For almost 20 years, the American designer Stephen Burks has been fascinated with combining aspects of handcraft with industrial design. His pioneering point of view is now being celebrated with his first major institutional show in over a decade, on view at the High Museum of Art in Atlanta until 5 March 2023. Titled ‘Stephen Burks: Shelter in Place’, the exhibition takes a look back at the last decade of Burks’ practice and brings together over 50 objects drawn from his key projects, as well as from a new commission, also named ‘Shelter in Place’. Viewed through a refreshed lens, Burks’ work demonstrates how his approach has consistently united art, architecture, design, craft, industry and community in one graceful swoop.
By honing in on and incorporating the handmade into industrial work, Burks has not only forged a path for other American designers to follow, but created a memorable creative signature for himself. No stranger to working with global manufacturers like Cappellini, Dedon,
‘Stephen Burks Man Made was founded on the notion that everyone is capable of design,’ Burks recounts in an essay titled ‘Prototyping in Place’ that appears in the exhibition’s companion catalogue. ‘We believe that design is cultural production, and like art, literature, and music, it has the opportunity to represent everyone’s culture. With this in mind, we try to use design as a language capable of speaking about more than color, form, materiality, and process.’
He continues, ‘As Americans, we cannot afford to leave our history behind, but we can be in control of how we carry it forward with us. As African Americans, we must continue to rely on our collective imagination to design new ways of being in community and society with each other as well as our past, present, and future.’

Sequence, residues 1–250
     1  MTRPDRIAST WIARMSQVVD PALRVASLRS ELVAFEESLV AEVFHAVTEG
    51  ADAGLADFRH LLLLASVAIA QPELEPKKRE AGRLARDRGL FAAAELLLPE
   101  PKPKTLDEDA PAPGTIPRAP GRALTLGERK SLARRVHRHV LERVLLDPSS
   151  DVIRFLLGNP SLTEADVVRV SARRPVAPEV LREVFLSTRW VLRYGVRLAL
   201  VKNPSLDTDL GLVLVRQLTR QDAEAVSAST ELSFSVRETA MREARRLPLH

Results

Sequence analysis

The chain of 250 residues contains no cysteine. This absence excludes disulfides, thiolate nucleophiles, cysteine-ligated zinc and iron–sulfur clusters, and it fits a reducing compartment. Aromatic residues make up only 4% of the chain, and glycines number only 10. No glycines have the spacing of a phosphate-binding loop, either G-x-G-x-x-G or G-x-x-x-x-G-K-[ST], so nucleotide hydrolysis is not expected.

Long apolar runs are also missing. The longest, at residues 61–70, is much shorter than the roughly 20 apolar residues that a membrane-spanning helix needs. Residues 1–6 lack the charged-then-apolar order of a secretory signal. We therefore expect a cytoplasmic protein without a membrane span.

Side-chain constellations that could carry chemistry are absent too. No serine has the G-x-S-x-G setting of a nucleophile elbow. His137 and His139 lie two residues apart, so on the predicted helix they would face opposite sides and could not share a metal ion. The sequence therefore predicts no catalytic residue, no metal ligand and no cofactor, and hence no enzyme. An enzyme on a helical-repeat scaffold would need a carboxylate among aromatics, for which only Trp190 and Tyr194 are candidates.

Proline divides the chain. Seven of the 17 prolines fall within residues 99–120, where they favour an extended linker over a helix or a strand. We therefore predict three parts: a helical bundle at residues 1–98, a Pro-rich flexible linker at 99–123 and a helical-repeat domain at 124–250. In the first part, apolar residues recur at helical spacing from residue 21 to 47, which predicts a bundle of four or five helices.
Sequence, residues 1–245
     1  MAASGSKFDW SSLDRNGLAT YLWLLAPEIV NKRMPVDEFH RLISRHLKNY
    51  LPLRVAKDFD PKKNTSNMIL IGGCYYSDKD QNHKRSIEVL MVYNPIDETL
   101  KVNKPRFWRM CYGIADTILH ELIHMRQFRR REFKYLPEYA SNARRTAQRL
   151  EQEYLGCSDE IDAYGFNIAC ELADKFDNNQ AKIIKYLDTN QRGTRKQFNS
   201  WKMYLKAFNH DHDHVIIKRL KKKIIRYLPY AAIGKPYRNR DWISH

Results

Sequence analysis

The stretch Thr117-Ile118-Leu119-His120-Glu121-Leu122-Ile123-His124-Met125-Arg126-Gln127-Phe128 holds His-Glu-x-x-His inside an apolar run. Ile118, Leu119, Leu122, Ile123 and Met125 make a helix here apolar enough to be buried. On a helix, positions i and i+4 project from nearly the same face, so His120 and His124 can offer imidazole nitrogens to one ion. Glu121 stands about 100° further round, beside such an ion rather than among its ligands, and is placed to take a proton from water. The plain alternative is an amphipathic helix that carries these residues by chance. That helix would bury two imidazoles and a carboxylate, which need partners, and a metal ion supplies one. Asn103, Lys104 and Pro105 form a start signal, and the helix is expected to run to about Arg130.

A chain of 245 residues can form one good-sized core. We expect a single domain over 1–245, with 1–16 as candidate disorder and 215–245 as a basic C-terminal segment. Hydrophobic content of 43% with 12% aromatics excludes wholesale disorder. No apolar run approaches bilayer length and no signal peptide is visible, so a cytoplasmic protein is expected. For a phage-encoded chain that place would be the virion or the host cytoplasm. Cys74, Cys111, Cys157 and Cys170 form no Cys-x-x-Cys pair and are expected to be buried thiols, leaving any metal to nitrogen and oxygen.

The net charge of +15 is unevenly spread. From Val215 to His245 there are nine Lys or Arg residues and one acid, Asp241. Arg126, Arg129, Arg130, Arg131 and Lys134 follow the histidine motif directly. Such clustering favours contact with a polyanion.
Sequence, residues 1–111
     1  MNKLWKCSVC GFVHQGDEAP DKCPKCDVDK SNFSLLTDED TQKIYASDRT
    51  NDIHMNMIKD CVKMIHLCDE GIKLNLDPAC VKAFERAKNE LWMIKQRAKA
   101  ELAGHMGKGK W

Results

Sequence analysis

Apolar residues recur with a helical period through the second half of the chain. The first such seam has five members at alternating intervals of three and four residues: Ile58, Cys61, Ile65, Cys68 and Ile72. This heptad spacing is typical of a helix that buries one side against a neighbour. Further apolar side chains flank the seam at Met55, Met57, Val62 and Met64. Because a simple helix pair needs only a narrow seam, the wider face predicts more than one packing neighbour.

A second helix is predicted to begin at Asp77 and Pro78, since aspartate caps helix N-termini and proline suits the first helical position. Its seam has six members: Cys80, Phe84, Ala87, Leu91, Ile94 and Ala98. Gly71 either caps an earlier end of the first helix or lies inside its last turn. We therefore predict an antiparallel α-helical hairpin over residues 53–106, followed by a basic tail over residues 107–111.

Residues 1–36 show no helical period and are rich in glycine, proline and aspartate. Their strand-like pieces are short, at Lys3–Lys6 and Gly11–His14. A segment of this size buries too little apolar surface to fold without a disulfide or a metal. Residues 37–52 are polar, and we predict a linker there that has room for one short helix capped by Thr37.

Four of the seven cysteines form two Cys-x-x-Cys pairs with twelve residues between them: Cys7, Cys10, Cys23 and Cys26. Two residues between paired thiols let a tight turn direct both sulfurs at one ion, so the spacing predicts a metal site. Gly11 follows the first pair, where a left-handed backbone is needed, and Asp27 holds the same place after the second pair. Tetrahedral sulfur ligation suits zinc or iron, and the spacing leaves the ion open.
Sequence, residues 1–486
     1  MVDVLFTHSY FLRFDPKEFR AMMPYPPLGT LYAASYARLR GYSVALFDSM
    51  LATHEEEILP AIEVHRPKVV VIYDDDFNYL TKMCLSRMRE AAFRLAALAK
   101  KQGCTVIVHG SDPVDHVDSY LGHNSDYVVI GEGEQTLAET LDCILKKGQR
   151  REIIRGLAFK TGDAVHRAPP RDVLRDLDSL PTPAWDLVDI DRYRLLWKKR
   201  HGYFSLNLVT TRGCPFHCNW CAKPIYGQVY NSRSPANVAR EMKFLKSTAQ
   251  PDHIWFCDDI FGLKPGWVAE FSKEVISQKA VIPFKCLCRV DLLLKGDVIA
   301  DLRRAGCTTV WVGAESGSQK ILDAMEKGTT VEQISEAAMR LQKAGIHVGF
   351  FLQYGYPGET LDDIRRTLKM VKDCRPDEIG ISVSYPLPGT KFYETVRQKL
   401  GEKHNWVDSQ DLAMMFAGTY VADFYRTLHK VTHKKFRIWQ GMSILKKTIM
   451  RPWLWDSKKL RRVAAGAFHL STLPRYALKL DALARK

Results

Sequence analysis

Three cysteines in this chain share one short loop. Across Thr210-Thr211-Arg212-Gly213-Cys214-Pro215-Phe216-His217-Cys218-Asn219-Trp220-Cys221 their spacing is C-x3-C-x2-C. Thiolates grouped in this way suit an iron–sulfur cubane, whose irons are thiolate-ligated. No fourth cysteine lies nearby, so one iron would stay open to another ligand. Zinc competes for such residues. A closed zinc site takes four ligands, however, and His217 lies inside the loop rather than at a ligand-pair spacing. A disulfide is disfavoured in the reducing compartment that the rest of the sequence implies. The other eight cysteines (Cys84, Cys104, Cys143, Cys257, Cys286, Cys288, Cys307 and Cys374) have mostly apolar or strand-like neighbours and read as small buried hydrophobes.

‘Stephen Burks: Shelter in Place’
Put together on the back of the global upheaval we all experienced in 2020, ‘Shelter in Place’ confronts many of the disparities in society, industry, creative work and beyond. By grouping objects in themes such as ‘craft as collaboration’, ‘modernist orthodoxies’, ‘weaving as metaphor’ and ‘environmental inclusion’, Burks’ industrial design practice is framed in a larger cultural context for the first time. It was during the early phase of the global pandemic that the High Museum’s curator of decorative art and design, Monica Obniski began conversations with Burks and his team to explore bringing an exhibition to life.
‘Through this exhibition, and its related publication, I’m thrilled to shed light on an American designer who has developed a unique point of view during nearly 20 years in the field,’ she says. ‘It is really important for our audiences to understand that architecture and design cross cultural and national boundaries. This is especially true for Burks’ practice that examines how objects are made by bringing together diverse perspectives and talents.’
In addition to debuting